Ultrasound scan

To confirm an ovarian cyst, you usually need to have an ultrasound scan. An ultrasound scanner works by using sound waves to build up an image of the inside of your body. The probe of the scanner is placed on your abdomen to scan your ovaries. The sonographer may also put a small, tube-shaped probe inside your vagina to scan your ovaries from this angle (a trans-vaginal scan). An ultrasound scan can usually confirm whether you have an ovarian cyst and how big it is.

Some women may have other tests – for example, a CT scan or MRI scan.

Blood test

You may be referred for a blood test if an ultrasound scan shows that the cyst is partially solid, as opposed to being filled with fluid. The blood test will be used to measure levels of a protein called CA125, which is often elevated in cases of ovarian cancer.

If your blood test shows a higher than normal level of CA125, it does not automatically mean that you have ovarian cancer because levels can fluctuate from person to person and there are many other reasons why the CA125 blood test can be higher than normal.

What is the treatment for ovarian cysts?

If you have an ovarian cyst, whether it needs to be treated will depend on:

  • Its appearance and size.
  • Whether you have any symptoms.
  • Whether you have had the menopause (post-menopausal women have a slightly higher risk of developing ovarian cancer).

Watchful waiting/Observation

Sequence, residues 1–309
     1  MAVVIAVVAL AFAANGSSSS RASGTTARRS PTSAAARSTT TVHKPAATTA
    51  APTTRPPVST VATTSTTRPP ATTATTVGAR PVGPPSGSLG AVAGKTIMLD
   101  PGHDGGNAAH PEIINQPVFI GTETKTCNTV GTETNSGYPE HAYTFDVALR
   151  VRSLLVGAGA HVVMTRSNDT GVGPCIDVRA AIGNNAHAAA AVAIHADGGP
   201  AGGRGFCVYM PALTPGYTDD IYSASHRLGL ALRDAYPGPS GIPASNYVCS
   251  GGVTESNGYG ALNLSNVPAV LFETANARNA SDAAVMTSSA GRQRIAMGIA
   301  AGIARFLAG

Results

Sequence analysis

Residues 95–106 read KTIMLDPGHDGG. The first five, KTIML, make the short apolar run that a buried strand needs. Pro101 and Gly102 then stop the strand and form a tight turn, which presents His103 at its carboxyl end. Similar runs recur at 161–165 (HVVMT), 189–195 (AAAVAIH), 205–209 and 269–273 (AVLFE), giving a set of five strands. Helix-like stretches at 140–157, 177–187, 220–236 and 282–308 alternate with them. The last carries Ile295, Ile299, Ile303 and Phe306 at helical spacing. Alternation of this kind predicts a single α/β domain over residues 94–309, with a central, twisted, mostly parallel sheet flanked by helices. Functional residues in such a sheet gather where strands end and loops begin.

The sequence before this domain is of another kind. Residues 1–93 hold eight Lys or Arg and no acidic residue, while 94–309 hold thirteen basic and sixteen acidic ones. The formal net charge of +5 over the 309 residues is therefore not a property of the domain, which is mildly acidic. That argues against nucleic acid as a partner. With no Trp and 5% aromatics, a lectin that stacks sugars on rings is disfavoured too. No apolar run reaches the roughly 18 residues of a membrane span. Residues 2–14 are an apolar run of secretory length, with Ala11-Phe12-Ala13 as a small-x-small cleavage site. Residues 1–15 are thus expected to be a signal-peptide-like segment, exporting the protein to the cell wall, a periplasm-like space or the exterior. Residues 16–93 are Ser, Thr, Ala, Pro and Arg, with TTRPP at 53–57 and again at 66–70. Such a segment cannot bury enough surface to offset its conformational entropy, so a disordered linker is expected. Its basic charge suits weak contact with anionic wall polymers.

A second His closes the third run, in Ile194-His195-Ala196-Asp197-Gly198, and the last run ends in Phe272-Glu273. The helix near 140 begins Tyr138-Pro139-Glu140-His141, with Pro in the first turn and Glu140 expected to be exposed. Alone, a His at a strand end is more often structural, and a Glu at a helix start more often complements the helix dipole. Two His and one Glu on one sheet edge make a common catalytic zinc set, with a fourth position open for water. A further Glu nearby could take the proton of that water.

In the majority of cases, a policy of ‘watchful waiting’ will be recommended where you receive no immediate treatment. This is because most cysts will disappear after a few weeks without the need for treatment. A follow-up ultrasound scan will usually confirm that this is the case.

Due to the slightly higher risk of ovarian cancer in women who have experienced the menopause, regular ultrasound scans and blood tests may be recommended until the cyst disappears.


If the cyst is large, or if it is causing symptoms, it will probably need to be removed. Mr Chattopadhyay may sometimes recommend removing the cyst even if it is not causing symptoms. This is because it is not always possible to tell what type of cyst it is without looking at it under a microscope. Removing it also reduces the risk of the cyst becoming cancerous later on.

There are two types of operation, which are usually carried out under general anaesthetic (you will be asleep during the operation and will feel no pain). They are:

Both procedures are described below.


Smaller cysts can sometimes be removed using a surgical technique called a laparoscopy. Most women can go home on the same day as the operation. A laparoscopy is the preferred approach because it causes less pain, helps to preserve fertility and lets you resume normal activity sooner.


If there is a risk that the cyst is cancerous, a more invasive procedure called a laparotomy may be recommended.

During a laparotomy, a larger cut is made to give the Mr Chattopadhyay better access to the cyst. The whole cyst and ovary is removed and sent to a laboratory to check whether it is cancerous. The skin is then closed using stitches. You may have to stay in hospital overnight or for a few days.

If only one of your ovaries is removed, your remaining ovary will still release hormones and eggs as normal, so your health and fertility should be unaffected.

If both ovaries needed to be removed then this would trigger an early menopause (if you had not already gone through the menopause).

However, it may still be possible to have a baby by having a donated egg implanted into your womb.

Treatment for cancer

If the cyst is found to be cancerous, you may need to have treatment to remove both of your ovaries, your womb (uterus) and some of the surrounding tissue.

This would trigger an early menopause and mean that you would be no longer able to have children.